The meat of this question is: does the C++ standard promise that otherwise uninitialized class members are initialized to zero when the constructor is called? I am under the impression that it does, and certainly gcc behaves that way (if I have a member int, and I don't refer to it in the constructor, it is always zero in the object).
However, I've noticed that if I subsequently access that member, valgrind calls this an error ("Conditional jump or move depends on uninitialised value(s)"). Does this indicate:
1) That I'm wrong, all class members must be explicitly initialized or else their value is undefined, and I have been relying on a non-standard compiler feature.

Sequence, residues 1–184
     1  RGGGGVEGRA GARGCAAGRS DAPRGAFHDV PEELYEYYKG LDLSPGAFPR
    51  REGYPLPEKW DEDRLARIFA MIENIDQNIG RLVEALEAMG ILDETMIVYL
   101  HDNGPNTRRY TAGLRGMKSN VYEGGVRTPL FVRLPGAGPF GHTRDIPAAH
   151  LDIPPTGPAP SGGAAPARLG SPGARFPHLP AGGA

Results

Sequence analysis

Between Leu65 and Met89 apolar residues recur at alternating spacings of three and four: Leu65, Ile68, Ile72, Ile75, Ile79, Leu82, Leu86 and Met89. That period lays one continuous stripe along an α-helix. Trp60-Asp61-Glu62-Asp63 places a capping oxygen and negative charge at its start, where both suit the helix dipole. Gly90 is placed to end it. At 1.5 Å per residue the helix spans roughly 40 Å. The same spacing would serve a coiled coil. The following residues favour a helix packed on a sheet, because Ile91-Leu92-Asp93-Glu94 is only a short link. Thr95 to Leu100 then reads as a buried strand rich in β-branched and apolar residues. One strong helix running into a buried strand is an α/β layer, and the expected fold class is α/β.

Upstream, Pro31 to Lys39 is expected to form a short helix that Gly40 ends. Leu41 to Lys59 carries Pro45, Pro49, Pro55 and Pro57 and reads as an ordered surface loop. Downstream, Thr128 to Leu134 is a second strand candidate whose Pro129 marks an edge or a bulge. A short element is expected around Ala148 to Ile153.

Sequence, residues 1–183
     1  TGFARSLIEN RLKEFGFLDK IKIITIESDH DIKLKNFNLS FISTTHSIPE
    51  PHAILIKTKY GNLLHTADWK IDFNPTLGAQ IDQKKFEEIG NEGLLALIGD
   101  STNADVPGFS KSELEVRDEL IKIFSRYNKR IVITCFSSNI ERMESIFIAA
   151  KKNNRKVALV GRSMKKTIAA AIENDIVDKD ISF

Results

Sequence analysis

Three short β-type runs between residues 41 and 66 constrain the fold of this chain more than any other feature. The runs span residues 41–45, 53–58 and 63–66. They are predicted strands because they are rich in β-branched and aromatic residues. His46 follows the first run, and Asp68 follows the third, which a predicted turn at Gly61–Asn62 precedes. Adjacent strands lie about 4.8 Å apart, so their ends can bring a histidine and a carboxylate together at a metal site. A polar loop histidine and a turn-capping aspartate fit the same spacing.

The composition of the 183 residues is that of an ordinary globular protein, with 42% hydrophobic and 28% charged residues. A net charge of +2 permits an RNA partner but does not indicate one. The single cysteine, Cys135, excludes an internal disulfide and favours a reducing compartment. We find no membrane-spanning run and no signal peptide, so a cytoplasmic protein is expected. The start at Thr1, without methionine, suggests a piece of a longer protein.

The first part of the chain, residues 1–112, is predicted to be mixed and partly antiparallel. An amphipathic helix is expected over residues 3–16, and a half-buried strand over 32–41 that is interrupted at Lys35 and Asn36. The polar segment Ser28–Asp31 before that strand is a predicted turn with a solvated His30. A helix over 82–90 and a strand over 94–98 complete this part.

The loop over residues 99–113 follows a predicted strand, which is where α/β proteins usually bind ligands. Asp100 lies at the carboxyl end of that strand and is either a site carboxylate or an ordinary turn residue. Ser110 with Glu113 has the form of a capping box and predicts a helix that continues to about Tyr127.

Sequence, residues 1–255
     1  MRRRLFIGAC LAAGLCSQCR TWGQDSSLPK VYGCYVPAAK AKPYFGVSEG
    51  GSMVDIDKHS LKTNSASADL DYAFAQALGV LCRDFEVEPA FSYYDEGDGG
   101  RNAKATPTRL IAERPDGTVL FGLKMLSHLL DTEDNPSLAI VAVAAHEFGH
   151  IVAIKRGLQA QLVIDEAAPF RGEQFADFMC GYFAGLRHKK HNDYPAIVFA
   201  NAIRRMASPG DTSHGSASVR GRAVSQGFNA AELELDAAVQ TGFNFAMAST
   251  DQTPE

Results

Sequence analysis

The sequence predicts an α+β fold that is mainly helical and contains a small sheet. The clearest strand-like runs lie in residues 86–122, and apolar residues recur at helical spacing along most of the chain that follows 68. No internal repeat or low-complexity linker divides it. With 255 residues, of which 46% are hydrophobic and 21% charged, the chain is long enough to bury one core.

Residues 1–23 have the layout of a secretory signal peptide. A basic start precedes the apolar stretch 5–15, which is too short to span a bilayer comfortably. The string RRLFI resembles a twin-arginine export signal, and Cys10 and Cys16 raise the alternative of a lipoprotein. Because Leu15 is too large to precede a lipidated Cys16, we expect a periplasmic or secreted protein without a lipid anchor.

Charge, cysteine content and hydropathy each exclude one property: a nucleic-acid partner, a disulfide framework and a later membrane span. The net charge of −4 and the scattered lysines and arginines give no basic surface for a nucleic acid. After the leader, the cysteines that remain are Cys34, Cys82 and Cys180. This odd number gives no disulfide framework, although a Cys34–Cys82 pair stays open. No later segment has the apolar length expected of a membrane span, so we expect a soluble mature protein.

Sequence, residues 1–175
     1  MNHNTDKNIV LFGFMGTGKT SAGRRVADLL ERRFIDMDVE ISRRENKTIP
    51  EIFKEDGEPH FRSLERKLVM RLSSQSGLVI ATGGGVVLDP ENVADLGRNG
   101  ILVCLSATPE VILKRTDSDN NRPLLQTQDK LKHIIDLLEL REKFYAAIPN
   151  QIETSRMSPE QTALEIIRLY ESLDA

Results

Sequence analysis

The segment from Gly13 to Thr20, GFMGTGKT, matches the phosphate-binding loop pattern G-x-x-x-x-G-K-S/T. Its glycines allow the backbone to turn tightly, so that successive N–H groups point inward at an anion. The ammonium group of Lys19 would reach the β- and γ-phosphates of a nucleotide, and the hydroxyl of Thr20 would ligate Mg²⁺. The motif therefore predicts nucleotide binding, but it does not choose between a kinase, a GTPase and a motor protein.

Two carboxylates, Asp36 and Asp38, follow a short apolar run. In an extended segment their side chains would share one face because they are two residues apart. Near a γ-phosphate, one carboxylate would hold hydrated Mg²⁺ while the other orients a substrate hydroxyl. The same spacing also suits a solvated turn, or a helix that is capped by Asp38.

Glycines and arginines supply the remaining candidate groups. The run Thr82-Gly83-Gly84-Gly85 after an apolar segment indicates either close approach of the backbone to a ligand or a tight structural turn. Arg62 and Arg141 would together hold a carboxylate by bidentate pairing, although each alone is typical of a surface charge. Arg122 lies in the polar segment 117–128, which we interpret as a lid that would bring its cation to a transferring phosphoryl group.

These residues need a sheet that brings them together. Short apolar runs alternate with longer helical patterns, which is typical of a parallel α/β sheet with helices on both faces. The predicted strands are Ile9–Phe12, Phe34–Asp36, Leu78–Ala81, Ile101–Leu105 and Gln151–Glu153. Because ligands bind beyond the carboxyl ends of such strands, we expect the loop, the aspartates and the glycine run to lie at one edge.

2) That valgrind is wrong, since the member was initialized to zero.
3) That the compiler which created the executable is wrong in implementation, because valgrind finds this "uninitialized" value, despite the fact its value is zero, which means it clearly was initialized.
I presume #2 but don't know enough about binary executables to say that it couldn't be #3, or to say if it is impossible for valgrind not to do this because of something about the nature of exe's and C++. Or something like that